Grails 3 and Java 9/10/11

March 29, 2018

Oracle has announced they will be drastically speeding up their JDK releases – one every 6 months with no overlapping public support.

Java 9 was the first in this accelerated release cycle. While these JDK releases come quick, they end just as quickly. As you’re reading this JDK 9 is already end of life(EOL) and JDK 10 was just released (which will be EOL in 6 months.) JDK 11 will be the first long term support (LTS) release of the JDK.

With all this news, there has been some confusion about what will support what when and how people should be planning for in regards to Java releases. I’ll provide a few facts (and a few of my opinions) on what this means to you as a Grails developer.

Let’s start by answering a few concrete questions.

Will Grails 3 build on JDK 9+?

Grails 3.3.x is based on Spring-Boot 1.5. Spring-Boot 1.5 does not and will not support building in JDK 9+.

Spring Boot 2 is the first version to support Java 9 (Java 8 is also supported). If you are using 1.5 and wish to use Java 9 you should upgrade to 2.0 as we have no plans to support Java 9 on Spring Boot 1.5.x.

That’s definitive – you won’t be building Grails 3 apps in anything but JDK7/8 (and that’s ok, keep reading!)

Will Grails 3 run on JDK9+?

This is a much different question -

The answer is yes – Groovy runs (with a few warnings). You will need to add jaxb explicitly to your CLI or in your dependencies – but it will run. If you use other 3rd party libraries though you will need to validate they will run on JDK9+ as well.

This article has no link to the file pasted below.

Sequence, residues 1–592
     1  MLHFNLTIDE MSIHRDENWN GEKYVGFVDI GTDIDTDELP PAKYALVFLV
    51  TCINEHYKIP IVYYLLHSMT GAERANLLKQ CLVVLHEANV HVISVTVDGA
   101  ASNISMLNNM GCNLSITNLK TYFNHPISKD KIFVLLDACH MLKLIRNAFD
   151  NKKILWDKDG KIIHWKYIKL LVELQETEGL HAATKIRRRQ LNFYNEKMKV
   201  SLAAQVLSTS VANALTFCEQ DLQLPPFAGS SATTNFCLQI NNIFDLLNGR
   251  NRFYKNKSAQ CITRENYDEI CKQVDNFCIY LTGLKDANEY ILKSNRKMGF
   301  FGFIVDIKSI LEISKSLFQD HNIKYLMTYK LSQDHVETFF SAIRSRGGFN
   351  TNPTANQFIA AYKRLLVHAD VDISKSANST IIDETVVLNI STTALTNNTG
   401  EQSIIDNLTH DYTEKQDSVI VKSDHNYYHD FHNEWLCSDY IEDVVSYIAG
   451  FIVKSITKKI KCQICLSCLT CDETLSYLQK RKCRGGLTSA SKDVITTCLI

This is great news for user’s environments where you are not able control your runtime and are forced to run on a newer JDK.

If I’m on JDK8 how long will it be supported?

Oracle JDK8 will receive pubic updates through January 2019 – which is cutting it quite close. Oracle plans no overlapping publicly supported binaries giving no breathing room for developers.

My recommendation is to switch to OpenJDK 8 which will be supported until October 2020 or pay Oracle for support. If you run on any PaaS such as AWS Elastic Beanstalk you’ve already been running on OpenJDK (sdkman makes it easy to setup OpenJDK on your workstation as well.)

When can I use Java 9/10/11 with Grails?

Spring-Boot 2 was just recently released (March 2018.) The Grails team is already working on Grails 4 based off it. Quarter 4 of this year (2018) is the targeted release.

Now for a few of my opinions.

Grails builds on top of many projects such as Spring-Boot, Hibernate, Gradle, etc. All of these projects must support the latest JDK before Grails can. This IMO is a good thing – it means many compatibility issues and bug fixes can be worked out before we start using it.

What should we do for now?

  • Spring-Boot 1.5 line is still being actively developed and Grails will continue to use it.

  • If you are using Oracles JDK 8 switch to OpenJDK 8 for security updates or pay Oracle for extended support.

  • Continue to build on JDK 8 and you should be fine running on JDK 10/11 if you need to.

  • Don’t adopt sort term support (STS) or end of life JDK’s such as 9/10

  • Stick to LTS JDK releases such as 8 and 11.


The release of JDK11 (LTS) and Grails 4 will be around the same time - 2018 Q4 – which is really not that far off. Grails 3.3+ and Spring-Boot 1.5+ are still great choices for building new apps on.

I use Grails so I don’t have to worry about these compatibility issues – I get a nice package of things that are recent and work together. I’ll be happy to let this JDK madness shake out before I get in the middle of it – I have features to ship to users rather than worry about JDK’s that are only supported for 6 months.